The Business of Diabetes Creates Investment Opportunity
By David Kliff
I remember it like it was yesterday; my wife and I were attending an educational seminar put on by the local American Diabetes Association (ADA) chapter. Having been recently diagnosed at age 36, I knew nothing about diabetes. During the lunch break, as we sat around and talked, I was asked what I did for living. When people learned that I was running a successful financial planning firm, the questions came fast and furious. What did I think of MiniMed? Cygnus? Is Novo Nordisk traded on any U.S. exchanges?
Back then I knew less about these companies – several of whom I have never even heard of – than I did about diabetes. Yet I took notes, passed out some business cards, and agreed to look into the companies and offer my opinion. Sadly when I tried to research the companies, I found that many weren’t even covered and for the ones that were the research on them was very poorly written. It was apparent that the analysts who covered them knew little about diabetes and even less about what a person with diabetes goes through each day of our lives.
I do recall that as I researched these companies I was astonished to learn about the epidemic growth rate of diabetes. Actually from a business perspective diabetes was almost the perfect disease – a growing patient population, tons of disposables, and no cure on the horizon. Soon I began to look at diabetes not just as a disease that I would have for the rest of my life, but also as an investment opportunity. I sensed that actually living with diabetes would be an advantage when making investment decisions about these companies. After all, none of the research I had read up to that point seemed to understand much about diabetes.
Still I was frustrated with the poor quality of the research I did find. Once while complaining to a friend, I was told, “If really think the research stinks, do it yourself.” Hence Diabetic Investor was born. Today nearly eight years after I was diagnosed, I have sold my financial planning firm and Diabetic Investor has become my full-time business as well as the leading authority on the business of diabetes. I have appeared on CNBC’s “Squawk Box,” and I have been widely quoted in Forbes, Money, The Wall Street Journal, The Washington Post and SmartMoney.com, just to name a few.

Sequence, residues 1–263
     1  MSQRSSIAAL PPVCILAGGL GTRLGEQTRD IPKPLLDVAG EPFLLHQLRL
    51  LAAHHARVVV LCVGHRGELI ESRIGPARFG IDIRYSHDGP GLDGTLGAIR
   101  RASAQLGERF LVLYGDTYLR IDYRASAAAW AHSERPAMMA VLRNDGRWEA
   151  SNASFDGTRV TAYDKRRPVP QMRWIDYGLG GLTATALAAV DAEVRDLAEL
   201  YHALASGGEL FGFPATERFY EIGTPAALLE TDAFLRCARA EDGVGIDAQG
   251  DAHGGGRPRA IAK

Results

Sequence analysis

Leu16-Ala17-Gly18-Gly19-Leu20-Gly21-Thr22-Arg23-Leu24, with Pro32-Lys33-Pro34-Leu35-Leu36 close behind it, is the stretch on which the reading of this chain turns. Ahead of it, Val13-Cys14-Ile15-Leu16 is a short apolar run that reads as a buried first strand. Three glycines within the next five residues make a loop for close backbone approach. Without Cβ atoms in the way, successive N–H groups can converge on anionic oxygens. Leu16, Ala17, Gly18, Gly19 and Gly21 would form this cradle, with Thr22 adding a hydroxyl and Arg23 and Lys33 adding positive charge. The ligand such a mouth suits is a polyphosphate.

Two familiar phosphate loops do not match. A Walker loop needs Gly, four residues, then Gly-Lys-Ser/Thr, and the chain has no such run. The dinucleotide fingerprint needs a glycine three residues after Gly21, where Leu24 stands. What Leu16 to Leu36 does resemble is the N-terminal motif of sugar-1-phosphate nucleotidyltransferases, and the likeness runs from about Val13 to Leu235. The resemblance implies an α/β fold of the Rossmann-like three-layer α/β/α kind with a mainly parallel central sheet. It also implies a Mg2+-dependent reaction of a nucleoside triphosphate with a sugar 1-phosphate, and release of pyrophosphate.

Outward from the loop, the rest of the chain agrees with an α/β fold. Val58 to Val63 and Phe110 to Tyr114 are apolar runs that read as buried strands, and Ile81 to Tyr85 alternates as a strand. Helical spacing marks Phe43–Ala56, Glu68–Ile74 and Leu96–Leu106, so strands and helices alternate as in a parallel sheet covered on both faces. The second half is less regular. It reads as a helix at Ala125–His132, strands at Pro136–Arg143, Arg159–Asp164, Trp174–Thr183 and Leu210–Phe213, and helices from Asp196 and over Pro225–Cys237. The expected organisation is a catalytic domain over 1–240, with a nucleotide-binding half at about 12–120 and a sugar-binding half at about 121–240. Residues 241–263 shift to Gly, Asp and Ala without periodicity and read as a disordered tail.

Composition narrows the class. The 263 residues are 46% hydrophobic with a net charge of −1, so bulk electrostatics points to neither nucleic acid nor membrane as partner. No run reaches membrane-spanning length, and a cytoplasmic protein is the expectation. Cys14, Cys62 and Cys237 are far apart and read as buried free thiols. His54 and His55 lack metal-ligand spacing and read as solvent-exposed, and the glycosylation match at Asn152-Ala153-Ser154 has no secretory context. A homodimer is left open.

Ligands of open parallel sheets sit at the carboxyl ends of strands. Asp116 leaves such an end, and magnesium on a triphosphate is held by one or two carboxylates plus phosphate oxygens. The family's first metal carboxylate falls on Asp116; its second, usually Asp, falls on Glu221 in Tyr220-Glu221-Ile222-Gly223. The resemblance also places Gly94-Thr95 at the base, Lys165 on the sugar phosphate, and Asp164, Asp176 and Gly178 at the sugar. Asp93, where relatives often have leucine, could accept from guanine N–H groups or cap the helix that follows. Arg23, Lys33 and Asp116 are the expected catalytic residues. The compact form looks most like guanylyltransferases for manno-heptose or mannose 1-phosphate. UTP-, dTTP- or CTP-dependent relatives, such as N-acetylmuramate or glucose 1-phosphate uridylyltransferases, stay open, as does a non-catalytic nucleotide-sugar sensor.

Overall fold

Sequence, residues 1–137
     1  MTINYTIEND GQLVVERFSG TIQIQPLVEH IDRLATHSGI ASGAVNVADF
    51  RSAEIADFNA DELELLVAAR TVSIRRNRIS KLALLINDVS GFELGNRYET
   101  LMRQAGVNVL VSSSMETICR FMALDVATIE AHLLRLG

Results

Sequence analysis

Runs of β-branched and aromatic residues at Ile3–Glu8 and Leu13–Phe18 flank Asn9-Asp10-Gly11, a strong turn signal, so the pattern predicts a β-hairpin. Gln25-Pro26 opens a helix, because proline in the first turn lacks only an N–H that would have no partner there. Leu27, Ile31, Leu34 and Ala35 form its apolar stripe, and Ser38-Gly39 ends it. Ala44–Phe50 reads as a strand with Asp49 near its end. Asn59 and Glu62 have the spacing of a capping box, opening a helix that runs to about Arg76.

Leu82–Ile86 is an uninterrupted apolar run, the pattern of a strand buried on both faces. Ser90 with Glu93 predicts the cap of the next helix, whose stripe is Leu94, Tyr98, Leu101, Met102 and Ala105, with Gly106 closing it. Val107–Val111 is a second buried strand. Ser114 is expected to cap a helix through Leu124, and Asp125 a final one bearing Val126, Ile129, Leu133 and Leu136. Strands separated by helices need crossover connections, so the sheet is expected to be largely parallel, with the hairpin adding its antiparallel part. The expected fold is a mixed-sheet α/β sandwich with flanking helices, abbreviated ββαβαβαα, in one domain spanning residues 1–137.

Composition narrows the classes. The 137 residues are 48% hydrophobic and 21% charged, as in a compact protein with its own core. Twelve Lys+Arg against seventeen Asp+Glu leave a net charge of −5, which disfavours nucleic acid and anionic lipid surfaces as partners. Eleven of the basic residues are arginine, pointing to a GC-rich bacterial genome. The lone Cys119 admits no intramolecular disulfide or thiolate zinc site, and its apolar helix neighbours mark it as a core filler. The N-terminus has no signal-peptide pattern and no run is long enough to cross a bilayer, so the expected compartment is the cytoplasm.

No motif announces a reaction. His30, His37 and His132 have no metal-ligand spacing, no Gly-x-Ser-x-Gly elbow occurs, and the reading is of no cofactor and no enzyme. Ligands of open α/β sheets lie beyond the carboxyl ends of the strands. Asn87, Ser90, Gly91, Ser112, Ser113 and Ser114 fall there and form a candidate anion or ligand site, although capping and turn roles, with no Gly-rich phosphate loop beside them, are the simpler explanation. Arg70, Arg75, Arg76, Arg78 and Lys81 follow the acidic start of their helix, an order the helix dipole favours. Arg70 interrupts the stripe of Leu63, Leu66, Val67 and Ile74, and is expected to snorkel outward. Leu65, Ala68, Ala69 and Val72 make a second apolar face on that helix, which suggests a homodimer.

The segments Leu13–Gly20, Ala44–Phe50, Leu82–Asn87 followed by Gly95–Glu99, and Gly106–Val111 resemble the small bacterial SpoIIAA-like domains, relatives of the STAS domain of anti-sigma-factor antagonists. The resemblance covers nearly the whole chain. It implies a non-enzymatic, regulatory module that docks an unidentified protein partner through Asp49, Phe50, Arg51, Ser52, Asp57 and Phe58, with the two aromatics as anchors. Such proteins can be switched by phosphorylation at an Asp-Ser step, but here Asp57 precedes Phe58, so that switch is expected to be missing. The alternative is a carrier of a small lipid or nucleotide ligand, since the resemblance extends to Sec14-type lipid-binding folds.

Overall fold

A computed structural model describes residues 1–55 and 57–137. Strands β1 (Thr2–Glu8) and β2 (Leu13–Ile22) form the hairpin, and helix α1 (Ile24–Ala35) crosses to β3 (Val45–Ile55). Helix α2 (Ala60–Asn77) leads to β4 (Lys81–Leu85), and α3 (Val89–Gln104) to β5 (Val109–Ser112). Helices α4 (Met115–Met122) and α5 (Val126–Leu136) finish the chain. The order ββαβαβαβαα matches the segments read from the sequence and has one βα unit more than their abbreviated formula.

As it has turned out I was correct. Living with diabetes has been a tremendous advantage when analyzing companies involved in the business of diabetes, a business that has become big and is getting much bigger by the day. The statistics on diabetes are staggering. The World Health Organization (WHO) estimates that by the year 2025 there will be over 300 million people with diabetes. The Department of Health and Human Services estimates there are over 41 million Americans with pre-diabetes. This is on top of the 14 million diagnosed patients here in the U.S. The ADA estimates there are an additional 6 million patients with diabetes who are not aware they have the disease.
Several Wall Street analysts now estimate that the market for diabetes devices and drugs will top $30 billion by the end of the decade. Consider for the moment that three of the top four blood glucose monitoring companies are publicly trade on the New York Stock Exchange (NYSE). LifeScan is a unit of Johnson and Johnson (NYSE:JNJ), Bayer (NYSE:BAY) and Abbott (NYSE:ABT). Roche, the maker of the Accu-Chek brand, is the only blood glucose meter company not traded on the NYSE. Eli Lilly (NYSE:LLY), Novo Nordisk (NYSE:NVO) and Sanofi-Aventis (NYSE:SNY) are the top three insulin companies in the world. GlaxoSmithKline (NYSE:GSK) makes Avandia, the top-selling oral medication for the treatment of type 2 diabetes, and Amylin Pharmaceuticals (NASDAQ:AMLN) makes Byetta, an injectable treatment for type 2 diabetes. Medtronic (NYSE:MDT) now owns insulin pump market leader MiniMed and Dexcom (NASDAQ:DXCM) recently received Food and Drug Administration (FDA) approval for a continuous glucose monitoring system. And these are just a handful of the publicly traded companies that are involved in the business of diabetes.
Over the next few months, my goal is to offer you sound advice about making investments in the diabetes sector. Please feel free to ask questions and offer suggestions. I’m looking forward to helping everyone make informed decisions before they invest their hard earned money.
NOTE: The information is not intended to be a replacement or substitute for consultation with a qualified medical professional or for professional medical advice related to diabetes or another medical condition. Please contact your physician or medical professional with any questions and concerns about your medical condition.
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Because I wear my Dexcom on my arm, I’ve slowly adjusted to the fact that people will ask me about it. Sometimes it’s the rude and inquisitive “What’s that?” and sometimes it’s somewhat sincere curiosity “Is that a (insert random type of medical device that they assume)?” Sometimes it bothers me more than others depending on how they ask and how they respond once I’ve told them what it is. I have limits to how much myth-busting I want to do in everyday conversation and how much rudeness I can...